This blog is becoming very me-centered. If that’s a bad thing, I apologize.
I believe it was about seven or eight years ago, in my second year of high school. I had a nice job and some money flow, and decided to finally upgrade my computer. A friend of mine offered to build one for me, and he even put together a shopping list– did I want this video card or that one? How much ram? What kind of sound card? After much debate, I spent the money, and got the best computer I’d ever had. I watched my friend and his buddy assemble it, asking questions the whole time, and when it ws done, they booted up Windows and started to set it up. “It’s asking us to name the hard drive,” they told me. “What should we name it?”
This computer was awesome. It had a huge (at the time) hard drive, and a state of the art (at the time) video card. It was going to play any game I wanted in eyebursting color and resolution. It was going to run like the wind and chop up bits and bytes like a maniac. “The Beast,” I told them. “We’ll call it The Beast.” THE_BEAST (C:) is what my hard drive was called for the longest time.
Yesterday, after eight years of service, the Beast died.
When we first built it, it was awesome. I played Doom II and Quake II on it. I discovered Civ III, Black and White, and Grand Theft Auto II on it. I used it all throughout college– countless papers and presentations, countless webpages visited and pieces written. I ran two webpages from that computer, including a webcam on and off. The Beast is where I ran Napster in its heyday. I remember right before one Christmas break in college, my roommates and I decided to have a Christmas party, and we needed some Christmas music. I started up Napster, found some songs, and was shocked at how fast they were downloading– by the time one song had finished playing, the next had downloaded and queued up. I didn’t call it the Beast for nothing.
Of course, eventually, time passed it by. When I got back from college, I settled down into money again, and discovered that the Beast had tamed a little bit. It still played new games, but only on the lower video settings. It only had a 10gb hard drive, and I’d filled that up quickly (again, this was when Napster was wide open).
So I decided to build another computer. I bought a new case and mobo, and a new videocard and hard drive. I stole the sound card and modem from The Beast, and even took the 10gb hard drive so I could dual boot Windows and Mandrake. The Beast was taken a part, a shell of its former self, and I named my new computer Arthur, after the Hitchhiker’s Guide character.
But I still kept the Beast around. A little while after I built my new computer, a few more computers opened up. My brother retired his old computer, and my parents decided to get a new computer as well, which left me with a bunch of computer parts available. Right before I moved to Chicago, I pulled a bunch of parts out of the old computers, plugged them into the Beast, and somehow, some way, I got it turned on and running. It had an old copy of Win98 running on it, but I quickly downloaded a Knoppix build and installed that on it. The Beast, I thought, was back.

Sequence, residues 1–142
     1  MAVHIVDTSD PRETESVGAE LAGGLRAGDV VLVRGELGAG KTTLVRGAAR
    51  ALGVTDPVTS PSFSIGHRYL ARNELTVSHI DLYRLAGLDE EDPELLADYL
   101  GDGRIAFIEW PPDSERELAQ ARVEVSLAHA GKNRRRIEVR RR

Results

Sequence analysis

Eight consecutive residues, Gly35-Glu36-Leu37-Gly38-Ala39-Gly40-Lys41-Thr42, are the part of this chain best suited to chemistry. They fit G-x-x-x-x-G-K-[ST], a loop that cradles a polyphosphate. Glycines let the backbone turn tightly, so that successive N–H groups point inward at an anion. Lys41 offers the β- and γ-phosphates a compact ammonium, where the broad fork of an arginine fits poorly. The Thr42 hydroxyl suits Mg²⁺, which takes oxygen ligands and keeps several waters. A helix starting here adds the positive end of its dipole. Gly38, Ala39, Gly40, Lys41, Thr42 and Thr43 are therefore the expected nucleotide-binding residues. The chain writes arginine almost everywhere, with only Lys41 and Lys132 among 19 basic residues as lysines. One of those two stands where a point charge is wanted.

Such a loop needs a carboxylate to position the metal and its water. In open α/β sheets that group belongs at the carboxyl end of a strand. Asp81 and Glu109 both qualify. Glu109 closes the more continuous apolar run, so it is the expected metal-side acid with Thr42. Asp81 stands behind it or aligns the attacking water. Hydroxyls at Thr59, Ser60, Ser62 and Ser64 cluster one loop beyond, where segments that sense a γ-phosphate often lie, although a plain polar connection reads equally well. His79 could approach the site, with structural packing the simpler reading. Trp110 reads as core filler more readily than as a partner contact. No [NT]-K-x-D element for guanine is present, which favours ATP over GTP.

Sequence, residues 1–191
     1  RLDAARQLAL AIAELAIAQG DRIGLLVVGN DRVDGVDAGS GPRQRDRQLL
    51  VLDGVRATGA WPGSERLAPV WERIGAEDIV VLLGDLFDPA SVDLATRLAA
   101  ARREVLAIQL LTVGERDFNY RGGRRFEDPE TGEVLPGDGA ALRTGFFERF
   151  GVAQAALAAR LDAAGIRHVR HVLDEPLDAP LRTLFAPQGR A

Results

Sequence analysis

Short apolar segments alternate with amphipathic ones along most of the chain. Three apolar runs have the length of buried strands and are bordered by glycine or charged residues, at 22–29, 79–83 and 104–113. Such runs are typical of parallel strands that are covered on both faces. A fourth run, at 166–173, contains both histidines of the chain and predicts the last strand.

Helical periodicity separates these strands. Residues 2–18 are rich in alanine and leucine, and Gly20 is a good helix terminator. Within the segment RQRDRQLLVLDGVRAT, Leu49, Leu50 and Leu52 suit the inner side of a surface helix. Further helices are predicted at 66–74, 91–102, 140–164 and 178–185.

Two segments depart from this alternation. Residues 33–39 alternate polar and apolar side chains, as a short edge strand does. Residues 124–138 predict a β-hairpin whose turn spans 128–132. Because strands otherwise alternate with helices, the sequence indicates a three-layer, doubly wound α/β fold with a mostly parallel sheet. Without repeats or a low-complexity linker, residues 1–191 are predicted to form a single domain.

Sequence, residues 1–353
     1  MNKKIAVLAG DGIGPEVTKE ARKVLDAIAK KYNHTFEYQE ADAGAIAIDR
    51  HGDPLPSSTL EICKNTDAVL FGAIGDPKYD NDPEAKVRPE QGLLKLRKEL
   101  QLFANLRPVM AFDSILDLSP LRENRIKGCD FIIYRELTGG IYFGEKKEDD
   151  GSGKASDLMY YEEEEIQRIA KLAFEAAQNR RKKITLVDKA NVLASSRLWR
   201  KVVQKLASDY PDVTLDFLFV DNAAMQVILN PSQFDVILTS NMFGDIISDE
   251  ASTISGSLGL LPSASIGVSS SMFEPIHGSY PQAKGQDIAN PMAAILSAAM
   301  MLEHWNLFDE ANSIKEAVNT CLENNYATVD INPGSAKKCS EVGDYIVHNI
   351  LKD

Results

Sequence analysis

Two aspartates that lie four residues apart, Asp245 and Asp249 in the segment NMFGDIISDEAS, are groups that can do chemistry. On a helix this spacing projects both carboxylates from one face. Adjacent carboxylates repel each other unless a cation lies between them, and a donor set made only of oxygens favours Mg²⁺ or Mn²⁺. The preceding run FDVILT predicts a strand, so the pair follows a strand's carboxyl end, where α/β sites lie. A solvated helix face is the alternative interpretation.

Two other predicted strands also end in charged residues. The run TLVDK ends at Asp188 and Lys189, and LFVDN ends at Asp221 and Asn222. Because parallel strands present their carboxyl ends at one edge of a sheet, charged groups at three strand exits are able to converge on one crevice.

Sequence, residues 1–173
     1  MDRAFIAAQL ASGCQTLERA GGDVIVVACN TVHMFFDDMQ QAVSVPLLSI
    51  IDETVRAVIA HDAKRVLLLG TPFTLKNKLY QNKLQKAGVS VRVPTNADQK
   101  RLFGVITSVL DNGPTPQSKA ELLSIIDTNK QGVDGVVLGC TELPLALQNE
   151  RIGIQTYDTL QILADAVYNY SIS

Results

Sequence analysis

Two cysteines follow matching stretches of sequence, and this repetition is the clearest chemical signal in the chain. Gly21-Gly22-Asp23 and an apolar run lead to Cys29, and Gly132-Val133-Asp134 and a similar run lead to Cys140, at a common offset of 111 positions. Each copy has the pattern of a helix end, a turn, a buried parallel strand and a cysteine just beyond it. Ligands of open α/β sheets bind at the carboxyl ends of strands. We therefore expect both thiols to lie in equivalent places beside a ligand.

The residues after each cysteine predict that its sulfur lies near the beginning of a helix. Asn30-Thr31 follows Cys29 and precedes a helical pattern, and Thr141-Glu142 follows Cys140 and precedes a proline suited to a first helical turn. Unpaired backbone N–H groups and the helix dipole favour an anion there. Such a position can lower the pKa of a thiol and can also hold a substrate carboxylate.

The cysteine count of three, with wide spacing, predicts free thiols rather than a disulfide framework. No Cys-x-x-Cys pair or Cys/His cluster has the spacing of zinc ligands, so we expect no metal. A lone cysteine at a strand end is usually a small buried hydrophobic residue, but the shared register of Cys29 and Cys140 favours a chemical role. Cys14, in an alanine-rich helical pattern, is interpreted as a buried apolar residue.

Since then, it’s been sitting here in my room, plugged in but silent. At one point I planned to turn it into an arcade emulator, but didn’t have the time to build a cabinet. Then I planned to make it just a regular second desktop, but could find a real use for it.
Last week, I came up with one more plan for it. I’d install it in the living room, plug it into my surround sound system, and use it as an mp3 jukebox. All I had to do was buy a cable to connect the soundcard to the sound system, and an IR reciever to control it with a remote. Finally, the Beast would live again.
So I moved it out of my room, and plugged it into my home entertainment center. I got it all set up, thinking about how cool it would be to have a computer playing music for me. I set up the monitor, plugged in the mouse and keyboard, and hit the power switch.
And nothing happened.
I checked the cables– all there. I flipped the power switch in back, and still nothing. I checked the outlet– all good. Still no power.
And then I remembered. A few weeks ago, the power had dropped out in my apartment, and I’d heard a horrible click, like something somewhere had been completely fried out. I checked mine and my roommate’s computer and our appliances then, but didn’t find anything. And I remembered how the Beast had been plugged in at the time, and how the click had come from the Beast’s general direction.
I took a look at the Beast’s power source, and sure enough, it was completely fried out. The Beast had finally, after all this time, died.
Sadly, I stripped it of the CD rom, of the memory and the video card, placing them gently in a box for another computer and another time. Tomorrow, I’ll take the metal shell of the computer that once was the Beast down to the back alley, there to be picked up and trashed like so much old technology before it.
It’s kind of sad, saying goodbye to something that’s done so much for me and been with me for so long. You could say that something of The Beast lives on in the computer I have now– I’m listening to music on the same soundcard and speakers, I saw my friend install so long ago, and the Beast’s original hard drive still sits right here next to me, ready to be booted up and run the latest version of Mandrake. But I’ll still be carrying an empty case out to the curb tomorrow, one that I’ve been carrying around for years.
I suppose that, with the advances in robotics we seem to be making all the time, it’s only a matter of time before people start attaching emotions onto their technologies. I think I’ll start early.